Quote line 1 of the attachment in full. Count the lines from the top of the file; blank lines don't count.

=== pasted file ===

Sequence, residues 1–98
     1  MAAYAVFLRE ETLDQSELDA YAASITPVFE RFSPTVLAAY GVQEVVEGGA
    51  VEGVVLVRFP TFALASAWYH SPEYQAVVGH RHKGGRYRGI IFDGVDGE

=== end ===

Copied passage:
Sequence, residues 1–98